WASHINGTON The Senate’s only Republican African American member mounted an eloquent defense of Attorney General nominee Sen. Jeff Sessions on Wednesday evening, shortly before the vote. He then read off a list of racial insults he said he’d been receiving because of this support.
Sen. Tim Scott, R-S.C., praised Sessions and called for healing over race in the United States. He noted how his grandfather was raised to understand that he was to step off the sidewalk when a white person neared, and never to look a white person in the eyes. Despite that, Scott said, he was now a member of one of the world’s most prestigious political bodies, and he was well-aware of the sacrifices many other African-Americans had made to make it possible for him to stand and give the speech he gave.
He even addressed a Senate ruckus this week as Republicans rebuked Sen. Elizabeth Warren, D-Mass., for reading a letter by Coretta Scott King, Martin Luther King Jr.’s widow, that they deemed insulting and inappropriate.
"There is no doubt in my mind that the letter written by Coretta Scott King could and probably should be read by every member," Scott said.
Still, he said it was a mistake to cast Sessions as a racist without truly understanding the man’s character. He said he had taken the time to understand the nominee, and had been impressed. Scott said that a meeting he organized with Sessions in Charleston with African American pastors had convinced him and them that Sessions was fair minded, and differed from the racist portrait that had been drawn of him.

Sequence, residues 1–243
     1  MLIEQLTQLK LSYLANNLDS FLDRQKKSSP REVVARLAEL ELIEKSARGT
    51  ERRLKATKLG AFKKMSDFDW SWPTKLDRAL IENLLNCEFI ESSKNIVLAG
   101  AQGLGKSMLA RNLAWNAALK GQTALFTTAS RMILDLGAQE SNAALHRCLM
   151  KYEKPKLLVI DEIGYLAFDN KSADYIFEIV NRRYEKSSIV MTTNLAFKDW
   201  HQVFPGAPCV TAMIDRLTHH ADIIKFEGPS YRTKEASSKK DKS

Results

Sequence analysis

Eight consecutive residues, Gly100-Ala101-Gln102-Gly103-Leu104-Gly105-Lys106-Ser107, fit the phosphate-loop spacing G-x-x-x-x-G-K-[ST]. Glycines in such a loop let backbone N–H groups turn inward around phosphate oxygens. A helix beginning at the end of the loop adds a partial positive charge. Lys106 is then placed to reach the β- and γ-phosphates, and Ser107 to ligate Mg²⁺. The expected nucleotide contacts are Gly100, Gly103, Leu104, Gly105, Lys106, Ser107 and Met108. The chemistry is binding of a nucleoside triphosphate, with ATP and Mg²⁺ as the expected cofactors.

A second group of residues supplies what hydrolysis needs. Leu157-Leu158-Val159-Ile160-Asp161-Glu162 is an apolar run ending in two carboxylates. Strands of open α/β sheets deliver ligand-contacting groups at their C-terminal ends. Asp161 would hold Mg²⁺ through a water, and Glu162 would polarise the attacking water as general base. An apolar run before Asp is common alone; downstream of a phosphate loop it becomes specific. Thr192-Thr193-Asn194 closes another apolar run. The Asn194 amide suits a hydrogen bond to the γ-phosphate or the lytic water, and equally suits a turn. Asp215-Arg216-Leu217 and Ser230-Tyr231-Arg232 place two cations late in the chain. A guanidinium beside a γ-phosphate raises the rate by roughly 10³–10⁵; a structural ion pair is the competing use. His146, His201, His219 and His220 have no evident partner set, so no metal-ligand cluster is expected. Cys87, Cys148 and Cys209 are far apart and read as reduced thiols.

He also said it was a mistake to assume that conservative and racist are synonymous. As evidence, Wednesday he read a list of racial insults from what he described as liberals that he said he’s received through Twitter during the last couple weeks.
Scott said that as an African-American conservative, he’s long accepted that he’s going to be the insulted, and often in a vulgar manner.
"If you’re going to be a black conservative, you will be attacked," he said. "It comes with the territory."
He continued by noting: "I’m surprised by the lack of tolerance from the left."
He said that too often, members of the left chide him for not understanding the experience of African Americans in America. He said that after he one day leaves the Senate, "I will still be black."
People sent messages calling him "an Uncle Tom," "a house negro," "a white man in a black man’s body," "a disgrace to the black race," "a black man who is racist against black people" and more.
"I’ve left out all the ones that used the ‘n’ word," he said. "I felt those wouldn’t be appropriate."